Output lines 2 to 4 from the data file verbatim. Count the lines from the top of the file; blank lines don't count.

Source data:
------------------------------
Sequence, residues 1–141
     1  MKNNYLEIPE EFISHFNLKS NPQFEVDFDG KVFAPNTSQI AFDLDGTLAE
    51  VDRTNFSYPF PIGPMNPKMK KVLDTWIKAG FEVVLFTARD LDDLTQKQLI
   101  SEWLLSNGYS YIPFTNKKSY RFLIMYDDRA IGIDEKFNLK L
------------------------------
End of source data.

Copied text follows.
     1  MKNNYLEIPE EFISHFNLKS NPQFEVDFDG KVFAPNTSQI AFDLDGTLAE
    51  VDRTNFSYPF PIGPMNPKMK KVLDTWIKAG FEVVLFTARD LDDLTQKQLI
   101  SEWLLSNGYS YIPFTNKKSY RFLIMYDDRA IGIDEKFNLK L